“No living room is complete without art. Having said that, what one person considers art can vary drastically from another. What most people can agree on is that no room is complete without something on the walls.” ~Laura Flanagan
When we were newlyweds, we lived in one of the oldest houses in Mebane, NC. Other than my wedding picture, I had nothing to hang on the walls, and like the quote above, the rooms didn’t look complete. I took a few oil painting classes, finished a piece or two of crewel embroidery and counted cross-stitch and voila`… I had a few pieces to hang on the walls to help our house feel more like home.
In the early ‘70s magazines and friends’ homes were the only places I could go to look for inspiration. Now there are so many sources available for viewing. Websites like HGTV, Houzz, Pinterest, etc. and, of course, magazines either online or by subscription, offer many ideas and inspirations…I am thankful!
Wall art doesn’t have to be expensive. You can shop consignment stores, yard sales, and the like, and find really great pieces. You can decorate your walls with ‘found’ architectural pieces, a large mirror, an oversized clock, framed old maps or even frame your children’s artwork to give your house personality and it will feel more like home.
The #1 decorating mistake most people make is hanging their artwork too high. Here are a few rules of thumb to keep in mind:
- Above a sofa: (1) the piece of art or grouping should fill up at least 2/3s the width of the sofa (can go over but don’t go too much under). (2) If hanging a grouping of two or more pieces, make sure the space between each piece is the same, approximately 2” to 4” apart. (3) Hang 6” to 8” above the sofa.
- Over a mantle: Again the 2/3s rule applies here…..fill up at least 2/3s of the mantle width. Hang 4” to 6” above mantle or if the art is taller than 3’ consider leaning it on the mantle.
- Over a console table or buffet: Use the 2/3s rule here also to find the size of the art or mirror needed. Hang 4” to 6” above. If hanging a mirror, adjust the height so as to not cut the head off of the reflection of the person that might be using it. Hanging it too far above will disconnect it from the piece below.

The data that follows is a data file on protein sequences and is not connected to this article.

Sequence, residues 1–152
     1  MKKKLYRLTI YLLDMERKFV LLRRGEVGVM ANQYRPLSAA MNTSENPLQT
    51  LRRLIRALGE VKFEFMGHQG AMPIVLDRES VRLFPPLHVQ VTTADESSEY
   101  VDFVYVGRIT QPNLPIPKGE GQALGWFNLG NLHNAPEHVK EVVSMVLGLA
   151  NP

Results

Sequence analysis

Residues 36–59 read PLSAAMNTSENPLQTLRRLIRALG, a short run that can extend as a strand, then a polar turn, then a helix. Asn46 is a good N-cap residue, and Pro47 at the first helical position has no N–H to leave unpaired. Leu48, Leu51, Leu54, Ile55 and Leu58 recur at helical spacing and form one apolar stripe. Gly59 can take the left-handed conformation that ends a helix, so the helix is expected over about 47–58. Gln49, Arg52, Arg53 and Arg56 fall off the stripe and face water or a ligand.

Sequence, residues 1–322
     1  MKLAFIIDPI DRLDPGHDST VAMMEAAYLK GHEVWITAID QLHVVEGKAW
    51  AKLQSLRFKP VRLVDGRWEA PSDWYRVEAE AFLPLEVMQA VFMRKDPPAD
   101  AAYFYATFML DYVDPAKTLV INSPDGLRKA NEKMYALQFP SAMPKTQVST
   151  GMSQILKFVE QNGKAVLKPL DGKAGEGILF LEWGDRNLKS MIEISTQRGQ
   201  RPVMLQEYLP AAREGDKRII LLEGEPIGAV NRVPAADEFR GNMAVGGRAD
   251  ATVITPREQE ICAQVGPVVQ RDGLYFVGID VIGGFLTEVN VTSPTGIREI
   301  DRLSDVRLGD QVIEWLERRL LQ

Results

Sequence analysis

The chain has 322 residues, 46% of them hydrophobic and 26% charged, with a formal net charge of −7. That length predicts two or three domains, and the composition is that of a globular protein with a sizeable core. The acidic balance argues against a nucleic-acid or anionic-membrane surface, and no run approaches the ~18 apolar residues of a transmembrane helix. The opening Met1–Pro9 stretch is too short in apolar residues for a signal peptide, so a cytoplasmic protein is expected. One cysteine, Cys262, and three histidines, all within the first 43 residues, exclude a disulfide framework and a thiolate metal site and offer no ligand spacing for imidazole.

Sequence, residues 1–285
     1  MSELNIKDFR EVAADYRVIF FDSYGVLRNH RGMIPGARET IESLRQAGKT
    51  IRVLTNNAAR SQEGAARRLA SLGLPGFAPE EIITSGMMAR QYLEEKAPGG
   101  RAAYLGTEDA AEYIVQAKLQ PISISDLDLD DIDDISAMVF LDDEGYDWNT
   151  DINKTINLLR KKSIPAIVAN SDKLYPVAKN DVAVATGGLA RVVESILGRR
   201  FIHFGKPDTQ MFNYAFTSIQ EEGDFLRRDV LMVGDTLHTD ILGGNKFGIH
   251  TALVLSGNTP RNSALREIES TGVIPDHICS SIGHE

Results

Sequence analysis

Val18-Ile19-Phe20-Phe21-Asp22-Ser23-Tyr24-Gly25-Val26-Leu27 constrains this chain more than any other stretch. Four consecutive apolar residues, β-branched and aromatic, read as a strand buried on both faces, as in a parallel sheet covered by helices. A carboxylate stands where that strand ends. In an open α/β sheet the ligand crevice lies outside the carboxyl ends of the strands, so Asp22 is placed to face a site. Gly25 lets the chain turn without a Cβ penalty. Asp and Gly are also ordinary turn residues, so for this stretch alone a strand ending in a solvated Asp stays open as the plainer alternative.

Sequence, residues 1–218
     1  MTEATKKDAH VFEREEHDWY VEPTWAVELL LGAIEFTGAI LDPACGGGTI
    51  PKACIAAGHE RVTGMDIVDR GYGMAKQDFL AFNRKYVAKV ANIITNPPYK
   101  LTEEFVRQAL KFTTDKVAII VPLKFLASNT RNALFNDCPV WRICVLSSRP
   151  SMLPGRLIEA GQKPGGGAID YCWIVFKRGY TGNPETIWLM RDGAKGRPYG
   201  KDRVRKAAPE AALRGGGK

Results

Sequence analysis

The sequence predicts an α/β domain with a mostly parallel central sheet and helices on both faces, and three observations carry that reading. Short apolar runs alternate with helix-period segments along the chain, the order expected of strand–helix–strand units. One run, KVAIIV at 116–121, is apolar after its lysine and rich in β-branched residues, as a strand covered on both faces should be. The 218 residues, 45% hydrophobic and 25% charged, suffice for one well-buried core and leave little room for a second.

- On a wall: Hanging a picture ‘eye level’ is not a good idea. Eye level for me (I’m 5’7”) and eye level for my brother (he’s 6’ 3”) are two different eye levels. The rule of thumb is an average eye level: artwork that will be viewed standing, like in a hallway, should be hung approximately 60” from the floor to the center height of the picture. Artwork that will be hung where people are almost always seated, like a dining room or family room, should be hung 3” to 4” lower (56” to 57” from floor to center height of picture).
- Position art on the wall opposite a seating arrangement so you and your guests can enjoy it.
- Hang family photos on a wall where light is coming in from a window will not damage or fade the photos.
- Never hang a mirror where guests will constantly see themselves when seated. Not that your guests aren’t beautiful, but always hang a mirror where it reflects something beautiful.
- For great ideas on designing a gallery wall, check out Pinterest.
Following these guidelines will keep you from making the #1 decorating mistake and your home will be ‘picture perfect.’
When I’m out and about, I occasionally meet people who tell me they read my column in Forsyth Woman. It is always exciting to know my column has helped you create a beautiful home. Need help with an Interior Redesign or a decorating project? Give ReDESIGNS by Ava a call to schedule an appointment.